Elzevir faces: A lesson in durability
Defining a new serif face for screen use is a rather broad brief. Common wisdom has long suggested that serifs for screen reading underperform and should therefore occur with less frequency in good type libraries. Although their readability is in fact much higher than that of sans serifs, they’re traditionally viewed as fuzzy and archaic in screen-first environments. We decided that the time had come to reinvigorate the use of well-crafted serif typefaces online.
We began by probing history. For six centuries, France has enjoyed a tradition of high-performance designs for immersive reading. One of the most overlooked highlights of that tradition is the resurgence of Elzevir typefaces, which happened in France some forty years before everywhere else. The French Elzevir (sometimes also known as French Old Style) is a lesser-known genre in the Anglocentric type-design history of the late nineteenth and early twentieth century. The Elzevir typefaces mark one of the first attempts to recreate a new modernity, at a time when another modern style (Didone) prevailed. Across France, countless punchcutters soon began exploring Old Style types as text faces. Naming conventions were sloppy, but the shapes were specific: A serif looking back at the Renaissance, but polished and honed to work hard for neat reproduction on the new and shiny paper surfaces of the time. From the late 1880s onwards, these early revivals soon shed their bibliophile status to emerge as broadly useful text typefaces. Only decades later did this trend catch on globally, with Monotype’s comprehensive and well-advertised revival program. In the meantime, the stars of French typeface design in the period—including Pierre Jannet and Maurice Ollière—enjoyed success but eventually fell out of favor.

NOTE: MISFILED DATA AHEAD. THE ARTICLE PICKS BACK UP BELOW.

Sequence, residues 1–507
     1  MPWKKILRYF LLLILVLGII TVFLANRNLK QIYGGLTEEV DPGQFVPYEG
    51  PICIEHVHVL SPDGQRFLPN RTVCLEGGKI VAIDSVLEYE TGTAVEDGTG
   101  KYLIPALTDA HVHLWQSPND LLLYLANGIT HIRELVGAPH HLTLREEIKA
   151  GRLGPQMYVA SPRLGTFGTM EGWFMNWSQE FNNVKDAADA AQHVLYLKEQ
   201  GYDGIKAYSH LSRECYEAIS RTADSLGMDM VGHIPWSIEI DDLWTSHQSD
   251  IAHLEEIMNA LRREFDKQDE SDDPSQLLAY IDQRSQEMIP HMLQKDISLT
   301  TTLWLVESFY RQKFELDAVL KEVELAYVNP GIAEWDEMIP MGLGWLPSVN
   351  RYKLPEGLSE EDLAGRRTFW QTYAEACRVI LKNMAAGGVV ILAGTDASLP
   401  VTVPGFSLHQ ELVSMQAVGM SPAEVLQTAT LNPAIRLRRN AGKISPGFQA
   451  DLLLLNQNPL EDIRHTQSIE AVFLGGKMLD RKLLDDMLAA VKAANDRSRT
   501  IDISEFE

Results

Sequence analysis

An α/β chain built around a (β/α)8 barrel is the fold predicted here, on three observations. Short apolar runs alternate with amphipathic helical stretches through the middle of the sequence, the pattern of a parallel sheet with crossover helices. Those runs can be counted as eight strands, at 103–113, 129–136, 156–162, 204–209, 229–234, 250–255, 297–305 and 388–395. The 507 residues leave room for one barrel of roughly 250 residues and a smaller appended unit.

While deeply rooted in French type design history, Spectral tends to reject the idea of any country-specific flavor—much in the same way that Elzevir typefaces have always represented a cross-current of western influences from Italy, France, the Netherlands, Germany, and the United States. From fifteenth-century France to sixteenth-century Holland and back to nineteenth-century France, the underlying concept of these Elzevir typefaces still makes sense in 2017. Our design takes material that succeeded in the past and puts it to use in the present.